How will the Autumn Statement affect Employment?
Salary Sacrifice schemes
There were a number of employment related implications in this year’s Autumn Statement. The most controversial of these was perhaps the removal of tax-free incentives on “salary sacrifice” schemes. The schemes allowed employees to “buy” a certain number of employment perks by agreeing to a cut in their wages in return for certain benefits. The schemes would often be used to provide tax-free benefits such as medical insurance, free gym membership, health checks and mobile phone contracts.
The advantage to employees was that any tax and NI would be calculated on their lower, agreed wage discounting the “sacrifice” they have made in lieu of these perks. This could mean substantial savings and even meant some employees who would have been classed as higher earners could sacrifice enough of their wages for these perks thereby taking them into the lower tax bracket. For employers too, the salary sacrifice schemes meant they would benefit by being able to discount the portion of the salary which had been sacrificed when calculating national insurance payments. The more employees a company had, the more beneficial the scheme was and substantial NI savings could be made by larger companies offering a salary sacrifice scheme.
These schemes were never formally part of any Government policy however. The method grew organically some years ago and HMRC allowed the practice to continue unhindered. Recently, the Treasury has looked at the practice and has concluded that it is losing out on tax revenue as a result. The changes to the salary sacrifice scheme have been expected. However, keeping in line with policy, enhanced employer pension contributions (to registered pension schemes), childcare benefits, cycles and the cycle to work scheme and ultra-low emission cars will be exempt from these new changes.
National and Living wage
Increases were announced, effective from April 2017, as follows:
The National Living Wage for those aged 25 and over will increase from £7.20 per hour to £7.50 per hour.
The National Minimum Wage will also increase:
- for 21 to 24 year olds – from £6.95 per hour to £7.05
- for 18 to 20 year olds – from £5.55 per hour to £5.60
- for 16 to 17 year olds – from £4.00 per hour to £4.05
- for apprentices – from £3.40 per hour to £3.50
And the Chancellor confirmed that he will spend £4.3 million on helping small businesses to understand the rules and on cracking down on employers who are breaking the law by not paying the minimum wage.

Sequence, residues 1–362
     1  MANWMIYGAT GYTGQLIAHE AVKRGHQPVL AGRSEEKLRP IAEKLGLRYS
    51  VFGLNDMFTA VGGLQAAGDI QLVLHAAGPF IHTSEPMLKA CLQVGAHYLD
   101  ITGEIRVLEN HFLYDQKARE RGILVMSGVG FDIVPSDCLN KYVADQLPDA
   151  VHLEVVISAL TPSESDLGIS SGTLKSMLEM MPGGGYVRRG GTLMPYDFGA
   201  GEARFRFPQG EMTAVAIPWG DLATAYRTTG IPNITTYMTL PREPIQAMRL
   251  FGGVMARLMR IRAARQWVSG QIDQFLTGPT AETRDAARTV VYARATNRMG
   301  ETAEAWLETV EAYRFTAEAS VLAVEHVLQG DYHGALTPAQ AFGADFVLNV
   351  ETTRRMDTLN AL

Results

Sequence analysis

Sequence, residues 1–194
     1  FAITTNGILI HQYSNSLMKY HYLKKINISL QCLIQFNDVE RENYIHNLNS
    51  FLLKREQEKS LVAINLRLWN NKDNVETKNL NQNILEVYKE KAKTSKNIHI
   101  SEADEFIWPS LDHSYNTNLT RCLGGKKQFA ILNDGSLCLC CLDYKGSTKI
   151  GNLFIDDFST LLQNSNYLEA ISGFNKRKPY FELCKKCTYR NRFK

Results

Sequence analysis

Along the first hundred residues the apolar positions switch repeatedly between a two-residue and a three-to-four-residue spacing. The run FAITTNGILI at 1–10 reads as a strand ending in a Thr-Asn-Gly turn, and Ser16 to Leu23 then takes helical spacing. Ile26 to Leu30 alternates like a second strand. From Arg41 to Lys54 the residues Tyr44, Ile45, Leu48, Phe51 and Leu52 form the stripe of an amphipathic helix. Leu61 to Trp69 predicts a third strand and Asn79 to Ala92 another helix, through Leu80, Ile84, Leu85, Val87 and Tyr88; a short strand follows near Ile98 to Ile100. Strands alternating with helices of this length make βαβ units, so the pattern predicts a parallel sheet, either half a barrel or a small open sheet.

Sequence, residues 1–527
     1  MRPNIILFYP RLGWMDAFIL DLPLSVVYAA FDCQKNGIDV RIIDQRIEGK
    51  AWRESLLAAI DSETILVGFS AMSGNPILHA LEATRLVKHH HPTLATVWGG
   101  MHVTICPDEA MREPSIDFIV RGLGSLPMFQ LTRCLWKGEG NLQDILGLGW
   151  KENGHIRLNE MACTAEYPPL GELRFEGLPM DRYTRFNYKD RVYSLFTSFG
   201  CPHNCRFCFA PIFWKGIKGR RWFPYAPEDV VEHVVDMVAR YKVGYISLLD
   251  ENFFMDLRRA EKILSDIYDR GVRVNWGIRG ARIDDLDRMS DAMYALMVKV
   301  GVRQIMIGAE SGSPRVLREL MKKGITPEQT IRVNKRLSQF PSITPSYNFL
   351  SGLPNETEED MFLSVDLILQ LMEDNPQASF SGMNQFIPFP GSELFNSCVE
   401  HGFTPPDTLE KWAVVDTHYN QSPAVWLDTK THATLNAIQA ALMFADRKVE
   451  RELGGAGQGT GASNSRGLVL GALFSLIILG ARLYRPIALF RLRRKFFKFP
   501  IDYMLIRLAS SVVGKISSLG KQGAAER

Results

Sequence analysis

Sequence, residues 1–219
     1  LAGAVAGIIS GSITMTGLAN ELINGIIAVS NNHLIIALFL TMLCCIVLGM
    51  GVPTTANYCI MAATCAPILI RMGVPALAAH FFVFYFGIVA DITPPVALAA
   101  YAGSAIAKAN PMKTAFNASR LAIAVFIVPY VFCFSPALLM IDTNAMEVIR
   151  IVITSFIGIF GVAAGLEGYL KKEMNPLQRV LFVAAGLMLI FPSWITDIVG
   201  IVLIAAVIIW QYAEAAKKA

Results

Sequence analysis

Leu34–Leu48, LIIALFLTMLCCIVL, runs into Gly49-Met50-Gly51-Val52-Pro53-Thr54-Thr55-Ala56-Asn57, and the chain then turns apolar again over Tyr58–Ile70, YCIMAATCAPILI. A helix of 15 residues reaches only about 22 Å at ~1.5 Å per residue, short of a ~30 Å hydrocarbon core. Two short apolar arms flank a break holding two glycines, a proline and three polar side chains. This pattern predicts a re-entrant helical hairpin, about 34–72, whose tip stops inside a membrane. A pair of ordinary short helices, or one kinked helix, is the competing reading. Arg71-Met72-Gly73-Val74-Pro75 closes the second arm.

Raising the tax-free personal allowance
The Chancellor confirmed that the tax-free personal allowance will be raised to £11,500 in April 2017. He further confirmed that ‘despite challenging fiscal forecasts” they will continue to raise the personal tax-free allowance to £12,500 by the end of the parliament.
The Chancellor also confirmed that the point at which the higher rate of income tax will kick in will increase from £43,000 this year, to £45,000 in 2017-18
Employee Shareholder Status
‘Employee shareholder’ status (ESS) was introduced in September 2013 as a new category of worker status. Employee shareholders could forgo a number of employment protections, such as the right to a redundancy payment and protection from unfair dismissal, in return for a minimum of £2,000 of shares in the employer’s business. There were various tax benefits to these schemes and employers used them to reward those in management or other employees who have contributed to the growth of a business. These schemes will now be abolished in situations where parties enter into the agreements on or after 1 December 2016. For ESS arrangements entered into before 1 December 2016, the tax advantages will continue to apply. The removal of this benefit is largely in response to evidence that ESS was being used for tax planning.
The Autumn Statement has confirmed that the first £30,000 of a termination payment will remain exempt from income tax and National Insurance. However, from April 2018 termination payments over £30,000, which are subject to income tax, will also be subject to employer NIC. Following a technical consultation, tax will only be applied to the equivalent of an employee’s basic pay if their notice is not worked, making it simpler to apply the new rules. This means that certain post-employment and/or bonus payments will not be classed as earnings. However, the government has said it will monitor this change and address any further manipulation.